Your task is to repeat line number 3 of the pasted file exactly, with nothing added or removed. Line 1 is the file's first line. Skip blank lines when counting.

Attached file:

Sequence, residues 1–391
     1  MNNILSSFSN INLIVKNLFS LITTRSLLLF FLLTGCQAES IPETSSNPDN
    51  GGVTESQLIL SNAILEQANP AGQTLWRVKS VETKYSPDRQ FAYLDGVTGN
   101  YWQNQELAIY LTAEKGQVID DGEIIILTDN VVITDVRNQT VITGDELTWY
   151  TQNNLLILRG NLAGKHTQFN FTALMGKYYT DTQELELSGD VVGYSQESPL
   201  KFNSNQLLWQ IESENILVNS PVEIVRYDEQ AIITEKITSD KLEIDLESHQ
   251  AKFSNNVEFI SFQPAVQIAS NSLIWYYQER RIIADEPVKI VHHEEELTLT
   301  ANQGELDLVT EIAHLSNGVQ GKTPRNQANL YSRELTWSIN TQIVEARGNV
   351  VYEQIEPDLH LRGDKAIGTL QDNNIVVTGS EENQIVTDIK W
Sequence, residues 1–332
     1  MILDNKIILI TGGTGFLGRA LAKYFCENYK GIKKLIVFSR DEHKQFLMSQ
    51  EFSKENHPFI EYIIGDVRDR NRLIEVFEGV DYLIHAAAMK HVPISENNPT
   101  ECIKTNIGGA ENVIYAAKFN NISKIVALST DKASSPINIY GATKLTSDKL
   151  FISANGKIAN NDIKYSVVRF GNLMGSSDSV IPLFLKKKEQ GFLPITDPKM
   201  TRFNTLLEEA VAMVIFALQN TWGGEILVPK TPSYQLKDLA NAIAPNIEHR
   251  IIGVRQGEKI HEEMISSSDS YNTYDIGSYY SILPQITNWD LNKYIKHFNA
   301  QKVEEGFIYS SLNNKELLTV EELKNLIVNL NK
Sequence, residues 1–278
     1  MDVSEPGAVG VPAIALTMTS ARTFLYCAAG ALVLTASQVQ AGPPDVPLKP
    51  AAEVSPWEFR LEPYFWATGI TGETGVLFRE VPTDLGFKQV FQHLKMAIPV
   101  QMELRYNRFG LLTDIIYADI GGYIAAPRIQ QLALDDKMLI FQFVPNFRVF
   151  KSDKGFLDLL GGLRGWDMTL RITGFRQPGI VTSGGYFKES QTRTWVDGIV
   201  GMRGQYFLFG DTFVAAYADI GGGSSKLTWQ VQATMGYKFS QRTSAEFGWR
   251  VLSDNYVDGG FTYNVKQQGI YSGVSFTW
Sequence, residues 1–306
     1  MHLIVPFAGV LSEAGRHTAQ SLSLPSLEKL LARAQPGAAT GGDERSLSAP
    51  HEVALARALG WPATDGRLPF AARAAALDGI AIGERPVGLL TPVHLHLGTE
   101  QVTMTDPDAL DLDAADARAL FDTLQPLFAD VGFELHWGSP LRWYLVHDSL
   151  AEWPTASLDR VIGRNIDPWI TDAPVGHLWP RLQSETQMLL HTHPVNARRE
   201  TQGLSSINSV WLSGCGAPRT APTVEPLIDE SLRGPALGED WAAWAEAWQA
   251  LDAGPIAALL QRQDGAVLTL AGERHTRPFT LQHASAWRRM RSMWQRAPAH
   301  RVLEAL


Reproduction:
    51  GGVTESQLIL SNAILEQANP AGQTLWRVKS VETKYSPDRQ FAYLDGVTGN